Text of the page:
The often portrayed media image of eating disorders as something that effects only young, white, middle- and upper-class women continues to render many with eating disorders invisible. One such population is people who are lesbian, gay, bisexual, transgender, queer or questioning (LGBTQ). Discussions of eating disorders in this community have traditionally been rife with stereotypes. As our field has evolved, we have begun to realize that the stereotypes don’t correspond with the reality of many of our patients. LGBTQ people have also come forward asking for eating disorder treatment, and demanding that their providers educate themselves. So let’s talk about some of the myths & facts about LGBTQ folks and eating disorders.
Myth: “Lesbians don’t get eating disorders because they don’t have to be attractive to men.” This longstanding myth has so many problematic assumptions it is hard to unpack. It contains the assumption that eating disorders are only caused by worry about one’s appearance (myth!), as well as the idea that heterosexual women’s eating disorders are fueled solely by the need to appear desirable to men (myth!).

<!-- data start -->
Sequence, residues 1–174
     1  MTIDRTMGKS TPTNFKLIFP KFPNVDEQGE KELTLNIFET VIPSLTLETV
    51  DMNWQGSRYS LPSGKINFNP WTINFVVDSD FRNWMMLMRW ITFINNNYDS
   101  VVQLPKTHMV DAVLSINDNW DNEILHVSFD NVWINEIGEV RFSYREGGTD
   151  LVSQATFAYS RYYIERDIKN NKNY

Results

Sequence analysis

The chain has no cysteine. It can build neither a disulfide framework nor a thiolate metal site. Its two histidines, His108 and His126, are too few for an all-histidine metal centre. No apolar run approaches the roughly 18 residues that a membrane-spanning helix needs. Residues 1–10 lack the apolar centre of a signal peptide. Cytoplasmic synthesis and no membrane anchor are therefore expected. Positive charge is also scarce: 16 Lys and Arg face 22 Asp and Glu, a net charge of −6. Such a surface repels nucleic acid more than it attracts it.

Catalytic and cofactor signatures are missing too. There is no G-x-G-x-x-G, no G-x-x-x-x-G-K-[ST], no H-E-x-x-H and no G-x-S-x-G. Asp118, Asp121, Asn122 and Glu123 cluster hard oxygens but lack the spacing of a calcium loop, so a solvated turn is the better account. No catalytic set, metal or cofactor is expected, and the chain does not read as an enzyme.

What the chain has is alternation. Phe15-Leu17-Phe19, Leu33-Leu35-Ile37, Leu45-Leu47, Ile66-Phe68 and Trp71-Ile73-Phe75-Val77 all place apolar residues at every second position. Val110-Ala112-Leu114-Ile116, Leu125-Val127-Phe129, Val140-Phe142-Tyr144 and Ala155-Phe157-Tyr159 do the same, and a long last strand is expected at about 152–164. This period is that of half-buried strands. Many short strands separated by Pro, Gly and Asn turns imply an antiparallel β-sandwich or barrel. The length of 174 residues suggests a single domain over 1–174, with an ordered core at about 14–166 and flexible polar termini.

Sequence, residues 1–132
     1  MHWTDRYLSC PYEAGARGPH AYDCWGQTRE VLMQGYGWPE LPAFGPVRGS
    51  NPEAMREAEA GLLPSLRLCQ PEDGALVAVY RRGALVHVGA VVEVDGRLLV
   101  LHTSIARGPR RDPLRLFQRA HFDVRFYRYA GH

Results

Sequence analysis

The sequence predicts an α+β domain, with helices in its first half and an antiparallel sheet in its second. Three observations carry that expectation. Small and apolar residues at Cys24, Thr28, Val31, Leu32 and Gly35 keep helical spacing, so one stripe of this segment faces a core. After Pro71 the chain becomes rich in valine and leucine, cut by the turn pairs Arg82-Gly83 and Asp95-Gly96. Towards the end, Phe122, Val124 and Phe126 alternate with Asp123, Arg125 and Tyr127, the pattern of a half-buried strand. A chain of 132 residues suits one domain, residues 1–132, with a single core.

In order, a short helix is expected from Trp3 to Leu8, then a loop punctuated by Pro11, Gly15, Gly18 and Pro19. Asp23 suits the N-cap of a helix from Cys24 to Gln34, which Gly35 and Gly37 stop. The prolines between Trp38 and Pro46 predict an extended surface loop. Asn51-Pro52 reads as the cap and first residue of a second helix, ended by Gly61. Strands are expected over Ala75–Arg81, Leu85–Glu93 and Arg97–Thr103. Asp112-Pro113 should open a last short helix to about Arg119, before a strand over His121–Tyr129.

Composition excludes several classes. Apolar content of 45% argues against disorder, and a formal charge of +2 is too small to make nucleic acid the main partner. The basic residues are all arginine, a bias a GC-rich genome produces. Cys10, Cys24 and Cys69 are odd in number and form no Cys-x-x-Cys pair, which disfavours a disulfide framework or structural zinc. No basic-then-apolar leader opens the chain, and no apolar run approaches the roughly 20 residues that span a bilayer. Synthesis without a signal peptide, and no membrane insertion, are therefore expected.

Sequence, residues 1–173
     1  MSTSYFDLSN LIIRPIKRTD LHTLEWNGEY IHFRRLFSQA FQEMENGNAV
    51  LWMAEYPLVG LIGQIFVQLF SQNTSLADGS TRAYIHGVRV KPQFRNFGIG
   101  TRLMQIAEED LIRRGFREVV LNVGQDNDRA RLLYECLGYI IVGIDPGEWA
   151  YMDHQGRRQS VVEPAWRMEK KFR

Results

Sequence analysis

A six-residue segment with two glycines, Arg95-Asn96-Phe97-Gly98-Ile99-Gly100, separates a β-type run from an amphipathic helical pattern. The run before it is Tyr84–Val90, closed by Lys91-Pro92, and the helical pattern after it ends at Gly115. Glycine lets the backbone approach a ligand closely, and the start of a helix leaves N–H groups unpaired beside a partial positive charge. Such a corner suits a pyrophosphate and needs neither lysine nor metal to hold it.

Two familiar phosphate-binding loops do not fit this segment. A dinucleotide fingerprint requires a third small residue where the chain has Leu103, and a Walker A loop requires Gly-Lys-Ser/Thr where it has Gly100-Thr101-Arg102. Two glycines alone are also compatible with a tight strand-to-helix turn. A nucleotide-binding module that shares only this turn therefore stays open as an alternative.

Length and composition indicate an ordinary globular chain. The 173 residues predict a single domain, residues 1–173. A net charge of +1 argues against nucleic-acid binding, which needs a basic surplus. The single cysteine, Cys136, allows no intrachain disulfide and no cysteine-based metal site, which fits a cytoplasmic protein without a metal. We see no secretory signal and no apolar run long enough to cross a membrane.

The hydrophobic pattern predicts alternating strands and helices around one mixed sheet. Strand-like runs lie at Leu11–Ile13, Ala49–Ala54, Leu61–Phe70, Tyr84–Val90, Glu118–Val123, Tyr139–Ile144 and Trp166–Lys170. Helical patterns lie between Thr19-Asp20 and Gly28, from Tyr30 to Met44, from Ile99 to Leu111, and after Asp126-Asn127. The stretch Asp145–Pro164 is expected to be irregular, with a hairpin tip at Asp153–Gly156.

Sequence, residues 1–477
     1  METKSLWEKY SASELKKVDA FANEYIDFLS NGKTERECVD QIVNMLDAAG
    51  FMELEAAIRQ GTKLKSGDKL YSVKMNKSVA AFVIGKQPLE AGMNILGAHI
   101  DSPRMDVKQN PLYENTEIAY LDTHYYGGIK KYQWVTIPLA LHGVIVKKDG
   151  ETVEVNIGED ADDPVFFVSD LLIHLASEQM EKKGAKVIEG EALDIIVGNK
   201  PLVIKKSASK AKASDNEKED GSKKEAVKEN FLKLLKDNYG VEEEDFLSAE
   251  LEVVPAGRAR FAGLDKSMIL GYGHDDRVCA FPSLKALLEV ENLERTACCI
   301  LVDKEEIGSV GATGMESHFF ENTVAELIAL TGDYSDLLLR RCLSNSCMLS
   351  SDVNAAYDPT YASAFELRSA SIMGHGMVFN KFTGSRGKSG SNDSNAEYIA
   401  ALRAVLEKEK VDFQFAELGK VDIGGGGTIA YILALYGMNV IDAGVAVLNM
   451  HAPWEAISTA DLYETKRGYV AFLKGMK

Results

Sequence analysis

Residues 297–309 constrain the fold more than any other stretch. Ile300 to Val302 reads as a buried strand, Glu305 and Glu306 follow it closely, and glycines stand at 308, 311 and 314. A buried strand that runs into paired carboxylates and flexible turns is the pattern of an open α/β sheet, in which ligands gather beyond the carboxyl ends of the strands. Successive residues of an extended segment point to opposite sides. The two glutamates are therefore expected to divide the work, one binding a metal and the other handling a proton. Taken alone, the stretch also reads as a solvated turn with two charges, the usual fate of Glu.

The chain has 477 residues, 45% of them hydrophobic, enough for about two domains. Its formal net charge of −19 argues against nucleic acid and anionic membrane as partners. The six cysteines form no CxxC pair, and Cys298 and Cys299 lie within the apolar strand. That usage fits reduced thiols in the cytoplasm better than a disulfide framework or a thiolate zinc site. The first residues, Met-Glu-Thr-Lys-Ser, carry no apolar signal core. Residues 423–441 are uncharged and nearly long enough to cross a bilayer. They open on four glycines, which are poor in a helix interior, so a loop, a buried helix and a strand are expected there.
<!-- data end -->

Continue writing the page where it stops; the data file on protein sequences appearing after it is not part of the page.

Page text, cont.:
The facts are that eating disorders are caused by a variety of factors that interact to create the disorder. These include genetics, stress, life experiences, and cultural expectations around standards of beauty. Additionally, it is a fact that lesbian and bisexual women do get eating disorders, just like heterosexual women. Clearly eating disorders are more complicated than just a worry about whether one is attractive to men.
Myth: “Men who have eating disorders must be gay.” This myth also contains a lot of problematic assumptions. For one, there is an implicit assumption that since eating disorders are thought of as something that only happen to women, men who get eating disorders must be like women. And the second implication that men who are like women are therefore gay. All of these things are myths. Eating disorders aren’t just something that happen to women. Men who get eating disorders have the full range of masculinity and femininity as men who don’t. And (may nobody ever have to say this again) being gay doesn’t make men like women.